The head of the PTA Council of Frederick County is asking the county school system to rethink its process for determining when to cancel or delay openings due to the weather.
The request follows concerns raised by parents over a decision to open schools on time on Friday, even though about 1 inch of snow had fallen on parts of the county, slowing traffic.
“Obviously, they know that Friday’s decision was not a popular one,” PTA Council President Julie Marker said. “Our overall concern is obviously for the safety of the students.
“I think we would like to see some sort of better plan,” Marker said. “I’m sure it will be revisited. It could be anything. It could be a tornado. We just want to make sure there’s a plan in place.”
Marker said she and about 25 parents met with Frederick County Public Schools Superintendent Theresa Alban Monday night to discuss the matter. Alban explained the school system’s process for canceling or delaying school.
After receiving complaints via calls, Facebook postings and emails, the school system issued a formal apology, acknowledging that a delay would have been the proper choice.
Michael Doerrer, director of communications for county schools, said Friday’s decision was difficult because of a changing weather forecast.
“In the situation on Friday it was an extremely fast-moving event,” Doerrer said. “Predicting the weather is always a difficult activity. Honestly, any time you have a weather-related decisions like that, you’re going to have people unhappy with the decision and people happy with the decision.”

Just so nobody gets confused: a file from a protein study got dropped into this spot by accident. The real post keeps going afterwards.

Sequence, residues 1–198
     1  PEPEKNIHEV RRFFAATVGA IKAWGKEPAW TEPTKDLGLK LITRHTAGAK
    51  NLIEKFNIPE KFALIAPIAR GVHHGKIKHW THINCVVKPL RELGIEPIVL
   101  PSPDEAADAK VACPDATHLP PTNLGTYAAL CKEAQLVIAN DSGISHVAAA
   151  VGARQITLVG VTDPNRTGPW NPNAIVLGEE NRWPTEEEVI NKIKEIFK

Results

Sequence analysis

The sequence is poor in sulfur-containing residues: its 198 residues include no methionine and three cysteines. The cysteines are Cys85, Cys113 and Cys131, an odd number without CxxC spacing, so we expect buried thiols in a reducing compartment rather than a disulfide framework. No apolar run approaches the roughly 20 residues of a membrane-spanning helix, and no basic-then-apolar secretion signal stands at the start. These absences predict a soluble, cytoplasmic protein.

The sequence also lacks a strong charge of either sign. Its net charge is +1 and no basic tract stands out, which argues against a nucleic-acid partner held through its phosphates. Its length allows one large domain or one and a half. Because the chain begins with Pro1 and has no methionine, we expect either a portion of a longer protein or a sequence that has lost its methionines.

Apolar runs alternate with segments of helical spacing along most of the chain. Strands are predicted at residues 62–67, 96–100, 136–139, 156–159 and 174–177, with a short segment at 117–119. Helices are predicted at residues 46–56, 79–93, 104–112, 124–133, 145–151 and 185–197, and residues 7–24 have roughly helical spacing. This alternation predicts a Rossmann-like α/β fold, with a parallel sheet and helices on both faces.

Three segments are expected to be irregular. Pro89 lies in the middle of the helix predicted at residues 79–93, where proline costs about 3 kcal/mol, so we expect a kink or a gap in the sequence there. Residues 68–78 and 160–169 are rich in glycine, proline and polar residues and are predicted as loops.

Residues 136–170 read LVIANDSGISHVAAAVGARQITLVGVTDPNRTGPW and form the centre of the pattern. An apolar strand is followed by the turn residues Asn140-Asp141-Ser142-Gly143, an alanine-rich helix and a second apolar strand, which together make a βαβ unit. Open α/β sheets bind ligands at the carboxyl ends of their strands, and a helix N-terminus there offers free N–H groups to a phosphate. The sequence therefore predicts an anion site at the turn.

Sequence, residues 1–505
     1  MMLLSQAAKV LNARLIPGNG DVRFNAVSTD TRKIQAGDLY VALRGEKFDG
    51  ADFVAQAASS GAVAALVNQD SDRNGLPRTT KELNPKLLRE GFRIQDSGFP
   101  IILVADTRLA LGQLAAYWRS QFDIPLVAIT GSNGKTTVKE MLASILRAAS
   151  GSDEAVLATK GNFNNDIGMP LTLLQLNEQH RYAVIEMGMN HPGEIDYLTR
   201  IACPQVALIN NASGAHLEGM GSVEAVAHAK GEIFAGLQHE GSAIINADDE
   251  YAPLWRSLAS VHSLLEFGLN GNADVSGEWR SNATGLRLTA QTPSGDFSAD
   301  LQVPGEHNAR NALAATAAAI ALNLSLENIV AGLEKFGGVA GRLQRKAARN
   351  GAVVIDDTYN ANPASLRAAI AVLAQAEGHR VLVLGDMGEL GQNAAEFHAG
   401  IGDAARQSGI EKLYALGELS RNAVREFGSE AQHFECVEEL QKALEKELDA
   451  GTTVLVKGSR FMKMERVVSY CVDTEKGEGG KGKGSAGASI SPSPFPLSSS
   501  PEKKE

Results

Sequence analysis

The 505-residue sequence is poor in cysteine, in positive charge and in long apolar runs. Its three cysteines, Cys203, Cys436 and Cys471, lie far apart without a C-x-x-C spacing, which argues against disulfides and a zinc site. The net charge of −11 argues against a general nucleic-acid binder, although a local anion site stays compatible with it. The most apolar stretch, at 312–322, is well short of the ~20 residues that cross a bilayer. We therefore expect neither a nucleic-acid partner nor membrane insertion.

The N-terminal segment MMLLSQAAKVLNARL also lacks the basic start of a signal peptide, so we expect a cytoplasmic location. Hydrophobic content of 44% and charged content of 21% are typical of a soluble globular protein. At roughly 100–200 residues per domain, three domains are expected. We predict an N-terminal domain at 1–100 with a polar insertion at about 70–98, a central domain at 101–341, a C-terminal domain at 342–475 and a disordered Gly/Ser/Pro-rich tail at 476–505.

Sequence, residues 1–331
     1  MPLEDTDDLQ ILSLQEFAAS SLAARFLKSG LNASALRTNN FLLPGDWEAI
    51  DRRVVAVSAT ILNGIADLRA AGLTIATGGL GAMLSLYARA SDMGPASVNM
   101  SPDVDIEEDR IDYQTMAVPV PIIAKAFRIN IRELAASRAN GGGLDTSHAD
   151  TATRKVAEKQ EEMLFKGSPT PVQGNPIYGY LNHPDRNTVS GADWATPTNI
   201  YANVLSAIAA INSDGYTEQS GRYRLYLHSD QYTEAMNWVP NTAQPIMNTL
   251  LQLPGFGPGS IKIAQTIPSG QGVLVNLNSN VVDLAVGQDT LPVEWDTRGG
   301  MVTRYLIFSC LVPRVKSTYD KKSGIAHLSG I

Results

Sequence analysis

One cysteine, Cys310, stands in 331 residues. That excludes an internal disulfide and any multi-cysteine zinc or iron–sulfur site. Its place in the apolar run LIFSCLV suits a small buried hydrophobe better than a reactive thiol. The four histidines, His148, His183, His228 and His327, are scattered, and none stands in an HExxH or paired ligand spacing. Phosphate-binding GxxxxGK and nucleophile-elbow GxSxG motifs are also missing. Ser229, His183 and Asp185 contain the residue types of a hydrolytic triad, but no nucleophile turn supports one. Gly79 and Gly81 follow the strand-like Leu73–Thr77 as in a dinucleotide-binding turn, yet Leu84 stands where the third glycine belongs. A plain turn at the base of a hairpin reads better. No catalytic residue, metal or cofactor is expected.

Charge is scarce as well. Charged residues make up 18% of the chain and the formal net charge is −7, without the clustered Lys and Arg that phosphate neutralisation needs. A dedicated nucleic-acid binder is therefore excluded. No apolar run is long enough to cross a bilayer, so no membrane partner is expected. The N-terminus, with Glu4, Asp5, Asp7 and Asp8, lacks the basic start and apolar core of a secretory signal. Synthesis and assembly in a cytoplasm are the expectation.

Doerrer said all the buses arrived safely on Friday, but he didn’t know how many were delayed.
He said the school system received a heavy volume of complaints, and would be evaluating the procedures for deciding on delays.
Doerrer said the school system’s process for deciding whether to delay or cancel school includes monitoring weather reports, discussions with state and county officials, as well as several transportation staff members traveling the county’s roads around 4 a.m. to decide if travel is safe.
He said discussions between the transportation staff and facilities personnel help aid the decision, but the decision ultimately rests with Alban.
“The superintendent makes her decisions based on students’ safety,” he said. “She doesn’t make her decision based on the feedback she thinks she’s going to get.”
Frederick Board of Education member Brad Young said Friday’s decision was difficult because of the timing of the snowfall.
Schools opened two hours late on Jan. 24 and Jan. 28 because of snow and ice, and students were dismissed two hours early on Jan. 25 due to snow.
The school system also sent students at Green Valley Elementary School and Windsor Knolls Middle School home early on Jan. 16 due to high winds.
The 2012-2013 calendar includes five days for snow or other emergency closings, which can be removed if not used as long as students are in session for 180 days, according to the school system’s calendar site.
“Once you start the buses rolling, it’s tough to stop them,” Young said. “The other day when they closed the schools early, but it didn’t snow [people were frustrated]. If you try and choose and guess when it will snow, you’re kind of damned if you do and damned if you don’t. I’m glad I’m not making the decision.”
Young said Frederick County has particular challenges because of its geographical diversity, but it’s aided somewhat by the ability to delay specific feeder patterns if conditions are more dangerous in one area like Thurmont.
“I’m not going to second-guess the decision they made,” Young said. “...If the public wants us to guess every time the weather says snow, they’re not going to be happy if we end up going to the middle of June because we called it when there was no snow.”